Garifuna culture and history throughout St. Vincent and Grenadine Islands
Traveling throughout the Caribbean and especially the West Indies, one can experience the cultural influences of the Garifuna people in the food, music, dance and island traditions. The Garifuna people are the mixed-race descendants of Carib, African and Arawak people. When indigenous Amerindian inhabitants of these Caribbean islands, intermarried Western and Central African slaves who shipwrecked or escaped from colonial slavery on neighboring islands, their descendants became known as Black Caribs or Garifuna. The Garifuna became a larger ethnic group than the Amerindians or “Yellow Caribs” and, as a result, conflicts ensued with the British colonists who occupied St. Vincent.
At the end of the 18th century the British exiled 5,000 Black Garifuna to the island of Roatan, close to Honduras. The Yellow Caribs were “allowed” to stay. Although the Garifuna community has settled in Central America, this interesting ethnic group still has a deep connection to the islands of St. Vincent and the Grenadines and thousands travel from Central America to St. Vincent each year to celebrate their indigenous legacy.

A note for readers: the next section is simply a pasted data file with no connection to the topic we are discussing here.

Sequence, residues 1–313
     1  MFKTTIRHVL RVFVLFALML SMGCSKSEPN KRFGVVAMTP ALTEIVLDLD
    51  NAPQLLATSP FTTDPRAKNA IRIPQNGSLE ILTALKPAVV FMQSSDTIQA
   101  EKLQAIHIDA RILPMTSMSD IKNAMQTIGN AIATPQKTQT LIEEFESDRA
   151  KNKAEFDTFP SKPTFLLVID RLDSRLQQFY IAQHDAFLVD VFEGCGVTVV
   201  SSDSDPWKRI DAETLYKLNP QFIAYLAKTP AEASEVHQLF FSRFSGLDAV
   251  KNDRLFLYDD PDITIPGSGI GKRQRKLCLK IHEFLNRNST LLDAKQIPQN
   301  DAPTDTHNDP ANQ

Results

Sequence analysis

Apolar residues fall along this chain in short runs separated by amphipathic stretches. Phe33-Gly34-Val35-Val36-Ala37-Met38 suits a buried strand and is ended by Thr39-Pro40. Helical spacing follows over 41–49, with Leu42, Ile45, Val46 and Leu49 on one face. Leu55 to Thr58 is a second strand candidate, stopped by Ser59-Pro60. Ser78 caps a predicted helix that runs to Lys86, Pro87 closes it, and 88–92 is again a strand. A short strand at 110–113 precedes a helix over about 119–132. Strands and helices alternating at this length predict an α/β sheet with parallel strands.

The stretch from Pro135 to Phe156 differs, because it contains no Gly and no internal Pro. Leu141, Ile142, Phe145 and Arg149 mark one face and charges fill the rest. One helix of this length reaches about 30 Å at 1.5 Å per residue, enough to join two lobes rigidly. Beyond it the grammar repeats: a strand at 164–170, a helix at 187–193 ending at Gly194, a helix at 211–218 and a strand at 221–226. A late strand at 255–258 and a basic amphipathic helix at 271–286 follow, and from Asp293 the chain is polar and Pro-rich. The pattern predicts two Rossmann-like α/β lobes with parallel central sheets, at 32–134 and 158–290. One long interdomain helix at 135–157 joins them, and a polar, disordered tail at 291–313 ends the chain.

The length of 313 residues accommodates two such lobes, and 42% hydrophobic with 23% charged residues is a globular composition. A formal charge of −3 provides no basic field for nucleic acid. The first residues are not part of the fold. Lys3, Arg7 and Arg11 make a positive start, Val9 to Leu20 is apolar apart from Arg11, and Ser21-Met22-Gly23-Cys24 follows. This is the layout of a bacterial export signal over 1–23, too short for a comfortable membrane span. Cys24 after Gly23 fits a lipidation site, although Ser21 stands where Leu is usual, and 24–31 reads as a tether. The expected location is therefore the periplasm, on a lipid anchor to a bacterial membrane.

A trip through St. Vincent and the idyllic Grenadine islands offers a unique chance to trace lineage, uncover history and enjoy this fascinating culture. The Garifuna Heritage Foundation on St. Vincent helps keep the Garifuna language and heritage alive with festivals and educational resources. Travelers can also discover more about the Garifuna culture, language, music, dance, food, art, spiritual heritage and history by visiting the National Trust Museum in the Carnegie Building in Kingstown. There are also paintings that share the stories of the Garifuna people that are displayed on the walls of the old barracks inside St. Vincent’s Fort Charlotte, north of Kingstown. The Garifuna’s cultural heritage and history lessons are being preserved among Garifuna peoples and the importance of Garifuna heritage is being acknowledged worldwide. Garifuna language, dance and music was declared a Masterpiece of the Oral and Intangible Heritage of Humanity by UNESCO in 2001.
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Tonya Fitzpatrick, Esq. is co-Founder of World Footprints, a social impact travel storytelling content hub she runs with her husband, Ian, that has been recognized as Best Social Impact Travel Media Company by CEO Monthly. She is an award-winning travel and business journalist, global public speaker, and 3-time TEDx speaker. Tonya regularly shares her insights on career transitions, DEIA in travel and the transformative power of travel to audiences all over the world. Recognized as Black Travel Journalists of the Year—an honor she shares with Ian, Tonya contributes her time and leadership to several boards and commissions in the travel community including SATW, The Explorers Club (DC), North American Travel Journalists Association (NATJA) and JourneyWoman. Tonya recently was been appointed to the Maryland Tourism Development Board by Gov. Wes Moore.